Joining this parenting group has been the biggest Godsend in my life. I love the other parents, they all have kids just like mine and we GET what each other are going through. The kids have a range of issues, but the actuality is that they are all explosive, and when you know other normal regular families, good families, that have kids like this, it's just the most amazing feeling of finally belonging to a club that gets it. I know most of the people that read my blog must think I'm the worst parent in the world, that my kids are terminally fucked up, that I sit on my ass and bitch about them all day long, and that I don't love them. I've seen enough negativity about my children elsewhere to know how judgemental some people, especially those without teens, never mind teens with mental and neurological issues, can be. All I can say is, judge all you want. I know a bunch of parents who are the nicest, kindest, most supportive people ever, and they all have kids just like mine!

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7 Comments:

Blogger tbirdonawire said...

I get it. My kids have mental health issues and we seem tough on them to many in the outside world, but if only they could walk a mile in our shoes. I know what's involved in raising special needs kids. I admire your honesty and tenacity. You don't get to be the worst parent in the world. According to my kids, that would be me. :)



http://waitingtoexhale.us/

19/11/08 12:56 PM  
Blogger bethany actually said...

First of all, anyone who thinks a blog, even a blog as honest as yours, tells the whole story is an idiot. A blog tells as much of the story as a reality show, which is to say not much. They are both edited with a HEAVY hand because they have to be.

Second, I don't know how anyone could read the way you write about your kids and not know how fiercely you love them and how hard you work to help them become the best people they can be!

I am so glad you've found a group of people who get you, where you can relax and support each other without fear of judgement and confident you'll be understood.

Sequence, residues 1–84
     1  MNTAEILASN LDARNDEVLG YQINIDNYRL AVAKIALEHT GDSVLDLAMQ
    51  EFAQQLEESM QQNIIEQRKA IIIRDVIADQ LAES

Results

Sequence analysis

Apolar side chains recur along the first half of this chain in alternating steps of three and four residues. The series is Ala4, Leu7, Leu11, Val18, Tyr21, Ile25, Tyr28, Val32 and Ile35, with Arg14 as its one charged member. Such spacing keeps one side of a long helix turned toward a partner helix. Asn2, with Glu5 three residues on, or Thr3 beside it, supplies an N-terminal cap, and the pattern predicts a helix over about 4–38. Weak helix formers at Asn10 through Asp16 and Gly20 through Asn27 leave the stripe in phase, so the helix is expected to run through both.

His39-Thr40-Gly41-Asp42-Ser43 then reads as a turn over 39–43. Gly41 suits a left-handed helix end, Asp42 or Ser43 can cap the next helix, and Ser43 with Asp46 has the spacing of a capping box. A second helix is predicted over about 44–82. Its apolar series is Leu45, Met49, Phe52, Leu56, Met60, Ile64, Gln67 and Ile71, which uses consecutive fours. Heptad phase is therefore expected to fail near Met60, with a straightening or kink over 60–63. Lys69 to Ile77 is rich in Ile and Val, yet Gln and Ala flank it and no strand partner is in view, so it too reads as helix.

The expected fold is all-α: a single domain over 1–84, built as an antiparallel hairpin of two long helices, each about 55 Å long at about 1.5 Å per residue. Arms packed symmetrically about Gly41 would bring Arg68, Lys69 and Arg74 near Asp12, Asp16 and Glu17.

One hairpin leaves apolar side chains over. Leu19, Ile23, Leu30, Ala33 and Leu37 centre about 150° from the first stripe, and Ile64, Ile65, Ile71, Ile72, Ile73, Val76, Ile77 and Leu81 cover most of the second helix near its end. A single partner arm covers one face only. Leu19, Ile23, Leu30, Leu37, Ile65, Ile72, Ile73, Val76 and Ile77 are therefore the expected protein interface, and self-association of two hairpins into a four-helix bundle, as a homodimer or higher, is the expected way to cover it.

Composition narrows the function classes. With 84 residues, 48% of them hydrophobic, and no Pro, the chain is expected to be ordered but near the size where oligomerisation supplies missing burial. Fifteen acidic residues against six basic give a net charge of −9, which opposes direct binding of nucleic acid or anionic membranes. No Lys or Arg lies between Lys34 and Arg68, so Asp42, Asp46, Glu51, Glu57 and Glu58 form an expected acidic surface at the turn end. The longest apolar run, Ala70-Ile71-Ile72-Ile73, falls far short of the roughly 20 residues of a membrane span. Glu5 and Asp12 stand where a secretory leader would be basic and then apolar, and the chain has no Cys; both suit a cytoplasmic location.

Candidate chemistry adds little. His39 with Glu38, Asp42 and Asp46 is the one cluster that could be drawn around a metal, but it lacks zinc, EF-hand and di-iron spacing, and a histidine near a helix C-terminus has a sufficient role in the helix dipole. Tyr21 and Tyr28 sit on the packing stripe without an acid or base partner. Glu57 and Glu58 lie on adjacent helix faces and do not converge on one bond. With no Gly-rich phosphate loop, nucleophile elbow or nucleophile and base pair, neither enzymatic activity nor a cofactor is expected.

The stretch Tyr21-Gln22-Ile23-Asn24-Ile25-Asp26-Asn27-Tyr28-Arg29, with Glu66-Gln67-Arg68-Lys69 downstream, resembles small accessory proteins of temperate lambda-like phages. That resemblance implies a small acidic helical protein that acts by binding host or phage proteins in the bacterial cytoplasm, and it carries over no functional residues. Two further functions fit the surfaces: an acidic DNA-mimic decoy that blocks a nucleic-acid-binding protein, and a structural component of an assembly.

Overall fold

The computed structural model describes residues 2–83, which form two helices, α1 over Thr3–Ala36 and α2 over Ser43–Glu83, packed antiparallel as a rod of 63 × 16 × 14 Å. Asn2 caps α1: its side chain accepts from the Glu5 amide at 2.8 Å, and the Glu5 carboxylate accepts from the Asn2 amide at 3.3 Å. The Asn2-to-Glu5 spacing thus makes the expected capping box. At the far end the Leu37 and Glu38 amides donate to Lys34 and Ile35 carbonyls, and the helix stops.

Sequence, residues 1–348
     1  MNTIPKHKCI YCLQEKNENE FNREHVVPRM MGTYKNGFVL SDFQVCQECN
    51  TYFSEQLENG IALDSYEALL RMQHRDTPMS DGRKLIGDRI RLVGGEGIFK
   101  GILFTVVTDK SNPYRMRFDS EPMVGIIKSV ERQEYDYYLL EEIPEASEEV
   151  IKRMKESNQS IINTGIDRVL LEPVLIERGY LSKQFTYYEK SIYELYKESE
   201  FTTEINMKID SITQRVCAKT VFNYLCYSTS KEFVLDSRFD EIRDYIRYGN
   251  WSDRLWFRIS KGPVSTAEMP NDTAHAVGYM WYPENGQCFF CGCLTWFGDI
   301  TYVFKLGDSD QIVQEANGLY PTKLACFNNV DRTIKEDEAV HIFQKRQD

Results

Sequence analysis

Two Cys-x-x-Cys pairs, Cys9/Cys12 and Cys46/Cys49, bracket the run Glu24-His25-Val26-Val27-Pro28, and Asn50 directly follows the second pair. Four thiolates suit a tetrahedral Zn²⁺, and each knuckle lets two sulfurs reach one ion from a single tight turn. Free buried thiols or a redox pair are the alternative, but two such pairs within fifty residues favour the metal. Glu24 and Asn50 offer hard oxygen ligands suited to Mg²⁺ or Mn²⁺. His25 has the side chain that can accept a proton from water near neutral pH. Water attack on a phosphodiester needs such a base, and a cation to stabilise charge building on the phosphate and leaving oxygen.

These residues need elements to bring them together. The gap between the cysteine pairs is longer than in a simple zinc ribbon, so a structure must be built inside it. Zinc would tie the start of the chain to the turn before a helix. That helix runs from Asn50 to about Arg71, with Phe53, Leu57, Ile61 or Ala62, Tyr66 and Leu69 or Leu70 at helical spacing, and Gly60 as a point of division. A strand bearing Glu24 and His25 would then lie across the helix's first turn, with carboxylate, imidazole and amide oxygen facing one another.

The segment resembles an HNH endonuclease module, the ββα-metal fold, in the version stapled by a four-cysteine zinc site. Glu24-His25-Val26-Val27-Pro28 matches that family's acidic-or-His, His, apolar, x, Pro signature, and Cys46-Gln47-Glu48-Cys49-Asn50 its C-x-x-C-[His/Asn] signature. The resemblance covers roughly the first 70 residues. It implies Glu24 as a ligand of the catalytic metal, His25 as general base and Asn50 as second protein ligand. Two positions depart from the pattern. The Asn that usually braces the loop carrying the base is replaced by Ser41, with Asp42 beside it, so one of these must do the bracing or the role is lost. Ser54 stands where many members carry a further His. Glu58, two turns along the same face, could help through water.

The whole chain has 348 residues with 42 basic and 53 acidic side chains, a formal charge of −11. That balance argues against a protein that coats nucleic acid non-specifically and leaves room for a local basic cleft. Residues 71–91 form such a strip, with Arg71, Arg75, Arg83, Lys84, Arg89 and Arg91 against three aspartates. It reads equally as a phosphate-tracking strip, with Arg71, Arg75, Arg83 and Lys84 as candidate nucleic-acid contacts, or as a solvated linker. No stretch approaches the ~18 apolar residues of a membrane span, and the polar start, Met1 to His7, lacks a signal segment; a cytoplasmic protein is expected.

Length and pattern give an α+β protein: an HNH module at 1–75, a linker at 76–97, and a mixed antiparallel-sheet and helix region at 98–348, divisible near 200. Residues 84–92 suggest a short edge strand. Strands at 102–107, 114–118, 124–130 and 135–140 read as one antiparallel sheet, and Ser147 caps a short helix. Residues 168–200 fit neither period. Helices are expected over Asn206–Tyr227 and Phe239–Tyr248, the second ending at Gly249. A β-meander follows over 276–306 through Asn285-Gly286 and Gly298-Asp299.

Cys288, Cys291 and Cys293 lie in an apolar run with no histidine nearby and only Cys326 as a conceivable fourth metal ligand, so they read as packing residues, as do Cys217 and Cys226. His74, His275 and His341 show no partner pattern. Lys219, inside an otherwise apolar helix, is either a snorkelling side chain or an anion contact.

19/11/08 1:38 PM  
Blogger Picara said...

I'm happy for you that you have a group that gets it. I'm still trying to find friends who understand my kiddo's "quirks" and don't think it's just that she is stubborn.

19/11/08 3:28 PM  
Blogger margalit said...

Picara, the way I found this parenting support group was through our regional mental health organization. People in the group come from all over eastern MA, but we meet right up the street from my house. I'm so lucky!

I know that the Dept of Mental Health also has parenting support groups here, so you might check out those types of resources. When I joined this group, I had no clue of how much these people would become a part of my life. I didn't know that I'd make good friends.

I'm NOT a joiner, I've got serious social anxiety, and it was hard for me to join, but I have to say that this particular group is so funny, so fabulous, so supportive, and so totally delightful that it's totally helped my parenting. You know the old saying "When Mommy's not happy, nobody's happy"? Well, that's REALLY true in our house.

19/11/08 3:49 PM  
Blogger Blog Antagonist said...

I would love to find a group like that. Unfortunately around here, most such groups are religously oriented.

I don't think you're an awful parent. I know what that daily battle is like.

20/11/08 8:18 AM  
Blogger margalit said...

BA, check with your regional mental health center. www.namiga.org would be helpful.

20/11/08 2:19 PM  
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21/11/08 3:09 AM